Nitrogen availability and cell density each affects growth and cellular astaxanthin content of Haematococcus pluvialis, but possible combined effects of these two factors on the content and productivity of astaxanthin, especially under outdoor culture conditions, is less understood. In this study, the effects of the initial biomass densities IBDs of 0.1, 0.5, 0.8, 1.5, 2.7, 3.5, and 5.0 g L-1 DW and initial nitrogen concentrations of 0, 4.4, 8.8, and 17.6 mM nitrate on growth and cellular astaxanthin content of H. pluvialis Flotow K-0084 were investigated in outdoor glass column photobioreactors in a batch culture mode. A low IBD of 0.1 g L-1 DW led to photo-bleaching of the culture within 1-2 days. When the IBD was 0.5 g L-1 and above, the rate at which the increase in biomass density and the astaxanthin content on a per cell basis was higher at lower IBD. When the IBD was optimal (i.e., 0.8 g L-1), the maximum astaxanthin content of 3.8% of DW was obtained in the absence of nitrogen, whereas the maximum astaxanthin productivity of 16.0 mg L-1 d(-1) was obtained in the same IBD culture containing 4.4 mM nitrogen. The strategies for achieving maximum Haematococcus biomass productivity and for maximum cellular astaxanthin content are discussed.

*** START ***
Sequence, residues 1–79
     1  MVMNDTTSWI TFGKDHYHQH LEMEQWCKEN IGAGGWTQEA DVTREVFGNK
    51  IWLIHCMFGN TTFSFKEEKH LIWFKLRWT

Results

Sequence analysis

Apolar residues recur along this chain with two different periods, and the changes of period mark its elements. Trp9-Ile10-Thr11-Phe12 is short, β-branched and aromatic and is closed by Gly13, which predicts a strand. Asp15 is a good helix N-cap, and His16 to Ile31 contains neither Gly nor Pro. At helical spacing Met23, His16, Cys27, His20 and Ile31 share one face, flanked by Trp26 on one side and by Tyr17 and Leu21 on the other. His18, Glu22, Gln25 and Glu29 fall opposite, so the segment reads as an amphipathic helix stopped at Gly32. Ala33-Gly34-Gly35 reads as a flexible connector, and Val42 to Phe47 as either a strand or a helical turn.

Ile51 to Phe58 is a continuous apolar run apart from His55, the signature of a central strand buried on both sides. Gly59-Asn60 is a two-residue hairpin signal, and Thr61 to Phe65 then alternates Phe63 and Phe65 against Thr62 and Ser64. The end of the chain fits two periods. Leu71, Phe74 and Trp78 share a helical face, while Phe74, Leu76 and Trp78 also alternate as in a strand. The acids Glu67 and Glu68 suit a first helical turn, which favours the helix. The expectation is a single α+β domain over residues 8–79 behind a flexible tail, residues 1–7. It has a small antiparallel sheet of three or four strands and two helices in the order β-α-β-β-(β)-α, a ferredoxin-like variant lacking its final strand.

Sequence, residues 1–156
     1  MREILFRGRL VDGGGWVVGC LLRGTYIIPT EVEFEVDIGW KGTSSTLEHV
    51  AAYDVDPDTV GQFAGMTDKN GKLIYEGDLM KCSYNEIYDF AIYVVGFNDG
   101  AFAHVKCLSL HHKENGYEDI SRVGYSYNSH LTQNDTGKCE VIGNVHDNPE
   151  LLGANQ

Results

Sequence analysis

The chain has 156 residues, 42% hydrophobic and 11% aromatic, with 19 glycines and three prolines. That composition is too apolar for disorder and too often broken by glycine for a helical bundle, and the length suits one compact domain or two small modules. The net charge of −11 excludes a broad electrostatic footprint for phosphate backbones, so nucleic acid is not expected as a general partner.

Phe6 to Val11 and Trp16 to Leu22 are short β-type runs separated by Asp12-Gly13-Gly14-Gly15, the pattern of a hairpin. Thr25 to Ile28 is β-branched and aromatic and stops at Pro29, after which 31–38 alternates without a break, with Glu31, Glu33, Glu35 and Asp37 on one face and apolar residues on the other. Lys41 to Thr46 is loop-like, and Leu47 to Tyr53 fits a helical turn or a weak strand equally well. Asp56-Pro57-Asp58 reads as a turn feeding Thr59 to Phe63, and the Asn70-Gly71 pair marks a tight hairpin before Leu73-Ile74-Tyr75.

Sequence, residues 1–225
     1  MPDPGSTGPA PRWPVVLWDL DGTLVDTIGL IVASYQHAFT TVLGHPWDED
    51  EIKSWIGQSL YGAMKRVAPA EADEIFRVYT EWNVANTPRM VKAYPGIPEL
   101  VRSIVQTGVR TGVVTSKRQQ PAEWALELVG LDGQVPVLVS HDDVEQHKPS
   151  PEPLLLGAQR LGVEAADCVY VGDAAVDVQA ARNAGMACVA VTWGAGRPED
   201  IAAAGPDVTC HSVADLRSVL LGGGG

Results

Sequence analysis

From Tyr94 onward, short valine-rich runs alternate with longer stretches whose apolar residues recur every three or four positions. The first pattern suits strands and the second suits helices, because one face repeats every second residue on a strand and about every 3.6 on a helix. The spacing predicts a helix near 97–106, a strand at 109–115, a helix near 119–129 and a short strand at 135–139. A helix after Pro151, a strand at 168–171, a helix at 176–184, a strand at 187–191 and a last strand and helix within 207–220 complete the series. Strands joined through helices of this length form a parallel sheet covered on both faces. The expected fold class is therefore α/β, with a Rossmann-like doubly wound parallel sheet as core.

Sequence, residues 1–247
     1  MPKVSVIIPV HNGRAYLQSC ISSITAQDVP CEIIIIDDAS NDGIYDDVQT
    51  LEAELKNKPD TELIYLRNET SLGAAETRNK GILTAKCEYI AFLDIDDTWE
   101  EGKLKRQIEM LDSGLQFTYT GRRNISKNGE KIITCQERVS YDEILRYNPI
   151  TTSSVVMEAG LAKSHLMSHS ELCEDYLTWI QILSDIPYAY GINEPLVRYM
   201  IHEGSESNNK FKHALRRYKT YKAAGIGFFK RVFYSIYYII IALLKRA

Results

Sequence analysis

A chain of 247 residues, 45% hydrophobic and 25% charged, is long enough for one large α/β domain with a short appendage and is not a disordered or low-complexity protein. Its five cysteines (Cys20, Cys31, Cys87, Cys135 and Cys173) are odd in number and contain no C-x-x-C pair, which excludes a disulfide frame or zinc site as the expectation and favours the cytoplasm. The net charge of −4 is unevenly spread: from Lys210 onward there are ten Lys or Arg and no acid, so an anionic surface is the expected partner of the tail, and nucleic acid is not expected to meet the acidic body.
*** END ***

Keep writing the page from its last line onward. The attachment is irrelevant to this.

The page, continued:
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  • 2013-08-30

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Automated monitoring and control systems for an algae photobioreactor

Description

There has been considerable advancement in the algae research field to move algae production for biofuels and bio-products forward to become commercially viable. However, there is one key element that